Metal Dash Bargain: 1966 MGB

Jesse MortensenBy Jesse Mortensen

MGBs can be great summer drivers. They are robust, cheap, and fun to drive! Think vintage Miata. Well, they may not be as reliable as a Miata, but I daily drove one for a while and never had any major problems. Occasionally, I still long for a metal dash B so this particular one is tempting. Heck, it even has wire wheels and a hard top! It’s located in Seattle, Washington and is listed here on craigslist for only $3,200.

What’s all this talk about metal dashes you may ask? Well, later MGBs came with the “pillow” dash and it just wasn’t as attractive. It also had a tendency to crack and look even worse. The earlier metal dash was more attractive and gave the car a more vintage feel. Earlier cars also came with low back leather seats and banjo steering wheels. The interior of this car isn’t perfect, but it’s nothing a Moss Motors catalog and a couple hours of time couldn’t fix.

The seller mentions that the engine is running a little rough and could use a tuneup. The SU carbs may need synced so you will want to study up on that. They really aren’t as complicated as some people think so don’t automatically assume they should be replaced with a single Weber. Recent brake work is also mentioned so that’s a plus. This car even has a later overdrive transmission installed! It’s currently not engaging, but that makes this MGB about perfect in terms of options.

The seller claims that this car must go because they currently have two sports cars parked on the street. It is a shame to let something like this sit outside so we can see where they are coming from. Metal dash, hard top, wire wheels, and overdrive transmission for thirty two hundred bucks? Even if the car isn’t perfect, that sounds like a deal to me. A closer inspection would reveal if that really is the case. Of course severe rust or crash damage would kill the deal, but if everything checks out this could be one heck of a British bargain!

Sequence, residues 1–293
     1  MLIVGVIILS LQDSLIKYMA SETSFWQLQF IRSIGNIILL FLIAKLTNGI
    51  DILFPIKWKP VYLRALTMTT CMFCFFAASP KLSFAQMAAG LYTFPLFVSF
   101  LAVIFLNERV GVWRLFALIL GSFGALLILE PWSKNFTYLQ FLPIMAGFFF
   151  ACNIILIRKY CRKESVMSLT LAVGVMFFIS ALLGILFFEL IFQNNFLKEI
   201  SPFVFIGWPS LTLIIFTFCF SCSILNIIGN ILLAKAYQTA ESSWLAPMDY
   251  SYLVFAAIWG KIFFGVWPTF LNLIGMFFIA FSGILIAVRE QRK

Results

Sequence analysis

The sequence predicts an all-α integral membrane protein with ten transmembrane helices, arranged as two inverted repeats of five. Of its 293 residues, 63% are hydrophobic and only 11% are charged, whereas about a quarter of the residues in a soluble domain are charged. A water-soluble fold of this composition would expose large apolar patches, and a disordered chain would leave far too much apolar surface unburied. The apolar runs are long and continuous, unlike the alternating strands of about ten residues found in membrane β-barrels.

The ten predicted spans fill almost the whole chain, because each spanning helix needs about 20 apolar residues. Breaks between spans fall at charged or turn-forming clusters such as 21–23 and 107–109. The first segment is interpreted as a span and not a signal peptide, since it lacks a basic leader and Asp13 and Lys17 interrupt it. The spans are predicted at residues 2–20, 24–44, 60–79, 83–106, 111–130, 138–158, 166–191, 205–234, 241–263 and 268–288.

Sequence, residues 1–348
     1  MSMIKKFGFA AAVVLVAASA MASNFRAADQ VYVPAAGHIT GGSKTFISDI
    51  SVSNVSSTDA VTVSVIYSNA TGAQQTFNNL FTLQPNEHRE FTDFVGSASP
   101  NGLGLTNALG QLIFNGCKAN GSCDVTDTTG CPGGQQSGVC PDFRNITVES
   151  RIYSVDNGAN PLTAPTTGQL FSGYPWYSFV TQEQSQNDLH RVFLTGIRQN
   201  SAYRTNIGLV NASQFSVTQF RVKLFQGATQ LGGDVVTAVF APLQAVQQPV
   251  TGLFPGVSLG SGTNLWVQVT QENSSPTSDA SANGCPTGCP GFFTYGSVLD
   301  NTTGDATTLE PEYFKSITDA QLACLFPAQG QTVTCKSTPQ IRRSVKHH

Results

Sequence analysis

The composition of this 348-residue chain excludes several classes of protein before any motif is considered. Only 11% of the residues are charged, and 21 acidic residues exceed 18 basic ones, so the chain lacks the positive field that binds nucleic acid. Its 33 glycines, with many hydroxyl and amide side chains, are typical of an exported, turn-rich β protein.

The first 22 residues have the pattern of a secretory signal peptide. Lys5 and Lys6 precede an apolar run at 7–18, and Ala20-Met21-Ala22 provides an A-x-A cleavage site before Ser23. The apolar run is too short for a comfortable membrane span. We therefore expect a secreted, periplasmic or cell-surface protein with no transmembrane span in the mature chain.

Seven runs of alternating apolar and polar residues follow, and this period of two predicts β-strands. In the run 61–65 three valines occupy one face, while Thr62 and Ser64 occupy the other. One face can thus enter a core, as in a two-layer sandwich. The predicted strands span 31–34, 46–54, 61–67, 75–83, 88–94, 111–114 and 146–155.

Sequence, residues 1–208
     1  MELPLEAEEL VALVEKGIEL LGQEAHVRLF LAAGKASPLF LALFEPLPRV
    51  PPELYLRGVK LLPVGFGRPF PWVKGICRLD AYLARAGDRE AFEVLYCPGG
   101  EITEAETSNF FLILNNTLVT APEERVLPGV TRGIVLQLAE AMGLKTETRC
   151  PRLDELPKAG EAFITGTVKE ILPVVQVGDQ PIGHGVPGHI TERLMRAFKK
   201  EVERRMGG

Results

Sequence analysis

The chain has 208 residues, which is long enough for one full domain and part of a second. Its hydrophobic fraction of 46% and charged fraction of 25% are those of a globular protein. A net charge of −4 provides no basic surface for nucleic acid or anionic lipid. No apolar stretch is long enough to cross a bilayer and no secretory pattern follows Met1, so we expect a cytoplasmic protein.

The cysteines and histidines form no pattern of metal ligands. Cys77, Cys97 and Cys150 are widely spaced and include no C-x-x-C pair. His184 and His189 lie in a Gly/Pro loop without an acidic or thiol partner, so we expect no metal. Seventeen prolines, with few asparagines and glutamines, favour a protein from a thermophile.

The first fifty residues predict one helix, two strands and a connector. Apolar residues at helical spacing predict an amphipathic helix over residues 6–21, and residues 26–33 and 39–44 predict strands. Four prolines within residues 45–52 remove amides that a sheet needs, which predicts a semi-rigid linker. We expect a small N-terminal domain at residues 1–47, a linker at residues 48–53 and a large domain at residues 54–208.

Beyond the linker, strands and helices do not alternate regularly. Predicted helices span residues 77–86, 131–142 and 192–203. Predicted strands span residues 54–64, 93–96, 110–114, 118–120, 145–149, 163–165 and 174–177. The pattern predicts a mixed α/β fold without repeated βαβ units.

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Comments

  1. Luke Fitzgerald

    That’s a gift – and it’s probably neg – if it’s not perforated with tin worn. Original painted wheels too – nice change

    3+
  2. ccrvtt

    Black wheels just make a car look dirty in my not-so-humble opinion. Don’t like the removal of the beltline trim, either. But overall this looks like a solid car & if it is it’s at a bargain price. You could drive it and enjoy it as you spruced it up. Good thing it’s across the country from me. Sorely tempting – good find.

    4+
  3. john

    The ad says it was posted a month ago…I’m too far away too, however it is likely sold by now.

    2+
  4. Jeffro

    Isn’t Howard looking for something like this?

    1+
  5. S Ryan

    British and daily driver? B.S.

    2+
    • Paul

      My 1972 was a daily driver only car for me in college in the mid 80s.